I created a new project in Visual Studio 2010 and noticed that there are now two new folders named
bin in my project directory.
A similar pair of folders are created when building and debugging - what are these folders for?
obj folder holds object, or intermediate, files, which are compiled binary files that haven't been linked yet. They're essentially fragments that will be combined to produce the final executable. The compiler generates one object file for each source file, and those files are placed into the
bin folder holds binary files, which are the actual executable code for your application or library.
Each of these folders are further subdivided into
Release folders, which simply correspond to the project's build configurations. The two types of files discussed above are placed into the appropriate folder, depending on which type of build you perform. This makes it easy for you to determine which executables are built with debugging symbols, and which were built with optimizations enabled and ready for release.
Note that you can change where Visual Studio outputs your executable files during a compile in your project's Properties. You can also change the names and selected options for your build configurations.
I would encourage you to see this youtube video which demonstrates the difference between C# bin and obj folders and also explains how we get the benefit of incremental/conditional compilation.
C# compilation is a two-step process, see the below diagram for more details:
If you compare both bin and obj directory you will find greater number of files in the "obj" directory as it has individual compiled code files while "bin" has a single unit.
obj directory is for intermediate object files and other transient data files that are generated by the compiler or build system during a build. The
bin directory is the directory that final output binaries (and any dependencies or other deployable files) will be written to.
You can change the actual directories used for both purposes within the project settings, if you like.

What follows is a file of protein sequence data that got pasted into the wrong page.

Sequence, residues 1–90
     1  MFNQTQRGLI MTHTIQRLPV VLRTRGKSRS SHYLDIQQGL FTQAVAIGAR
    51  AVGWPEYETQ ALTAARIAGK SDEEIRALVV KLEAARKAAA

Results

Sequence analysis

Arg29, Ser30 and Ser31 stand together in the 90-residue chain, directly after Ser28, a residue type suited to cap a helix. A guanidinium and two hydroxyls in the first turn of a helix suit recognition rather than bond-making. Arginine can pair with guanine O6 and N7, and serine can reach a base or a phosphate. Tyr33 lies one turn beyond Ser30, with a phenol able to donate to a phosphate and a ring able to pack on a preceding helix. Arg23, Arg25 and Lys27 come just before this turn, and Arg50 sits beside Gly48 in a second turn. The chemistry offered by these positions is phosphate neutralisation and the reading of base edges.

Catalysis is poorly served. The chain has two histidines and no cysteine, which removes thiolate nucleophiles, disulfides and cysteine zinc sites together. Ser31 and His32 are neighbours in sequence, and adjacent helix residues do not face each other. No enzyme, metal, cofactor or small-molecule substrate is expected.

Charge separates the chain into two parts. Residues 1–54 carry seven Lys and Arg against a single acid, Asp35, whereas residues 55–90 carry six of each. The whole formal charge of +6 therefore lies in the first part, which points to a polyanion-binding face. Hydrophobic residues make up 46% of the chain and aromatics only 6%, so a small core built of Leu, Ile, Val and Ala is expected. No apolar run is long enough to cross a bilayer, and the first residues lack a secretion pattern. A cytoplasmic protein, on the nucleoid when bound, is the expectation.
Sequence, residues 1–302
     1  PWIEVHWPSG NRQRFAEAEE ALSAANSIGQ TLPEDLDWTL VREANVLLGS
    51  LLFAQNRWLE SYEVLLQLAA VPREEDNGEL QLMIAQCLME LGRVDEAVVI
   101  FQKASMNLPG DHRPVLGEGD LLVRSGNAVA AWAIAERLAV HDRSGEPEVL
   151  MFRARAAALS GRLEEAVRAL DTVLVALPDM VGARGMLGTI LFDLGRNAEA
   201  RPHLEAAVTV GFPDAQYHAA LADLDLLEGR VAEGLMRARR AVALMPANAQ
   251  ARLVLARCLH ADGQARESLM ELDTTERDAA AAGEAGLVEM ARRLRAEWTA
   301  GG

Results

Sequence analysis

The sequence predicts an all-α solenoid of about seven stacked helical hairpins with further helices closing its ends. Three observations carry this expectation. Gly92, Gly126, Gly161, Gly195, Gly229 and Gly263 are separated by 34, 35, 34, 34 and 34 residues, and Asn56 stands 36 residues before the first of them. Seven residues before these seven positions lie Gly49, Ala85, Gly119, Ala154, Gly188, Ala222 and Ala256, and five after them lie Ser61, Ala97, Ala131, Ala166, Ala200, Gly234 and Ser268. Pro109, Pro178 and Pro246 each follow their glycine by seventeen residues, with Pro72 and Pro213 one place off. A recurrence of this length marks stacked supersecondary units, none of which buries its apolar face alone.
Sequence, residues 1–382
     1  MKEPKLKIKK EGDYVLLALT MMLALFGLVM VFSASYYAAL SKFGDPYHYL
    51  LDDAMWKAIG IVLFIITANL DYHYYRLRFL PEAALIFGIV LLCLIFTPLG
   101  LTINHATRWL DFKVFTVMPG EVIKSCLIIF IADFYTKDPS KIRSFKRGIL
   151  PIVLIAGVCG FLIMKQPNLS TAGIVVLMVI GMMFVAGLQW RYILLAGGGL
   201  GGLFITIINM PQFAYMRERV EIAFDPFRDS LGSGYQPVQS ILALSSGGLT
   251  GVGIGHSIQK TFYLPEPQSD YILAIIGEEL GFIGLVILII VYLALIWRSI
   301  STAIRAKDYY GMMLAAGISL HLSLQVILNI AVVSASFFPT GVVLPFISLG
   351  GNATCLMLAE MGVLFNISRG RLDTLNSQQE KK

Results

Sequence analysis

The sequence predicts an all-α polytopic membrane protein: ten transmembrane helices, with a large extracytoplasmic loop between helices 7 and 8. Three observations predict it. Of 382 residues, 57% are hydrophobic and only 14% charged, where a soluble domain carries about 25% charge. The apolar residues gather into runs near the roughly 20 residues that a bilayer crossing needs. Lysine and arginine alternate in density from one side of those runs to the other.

One interesting fact about the obj directory: If you have publishing set up in a web project, the files that will be published are staged to obj\Release\Package\PackageTmp. If you want to publish the files yourself rather than use the integrated VS feature, you can grab the files that you actually need to deploy here, rather than pick through all the digital debris in the bin directory.
Be careful with
setup projects if you're using them; Visual Studio setup projects
Primary Output pulls from the
obj folder rather than the
I was releasing applications I thought were obfuscated and signed in
msi setups for quite a while before I discovered that the deployed application files were actually neither obfuscated nor signed as I was performing the post-build procedure on the
bin folder assemblies and should have been targeting the
obj folder assemblies instead.
This is far from intuitive imho, but the general
setup approach is to use the
Primary Output of the project and this is the
obj folder. I'd love it if someone could shed some light on this btw.
It's better to understand this issue from a higher level:
link, which applies not only
c# language, but many other languages.
Compiling - The modified source code is compiled into binary object code. This code is not yet executable.
Linking - The object code is combined with required supporting code to make an executable program. This step typically involves adding in any libraries that are required.
.net case the
obj(object) folder contains the output of
compiling stage. And
bin(binary) folder contains the output of linker.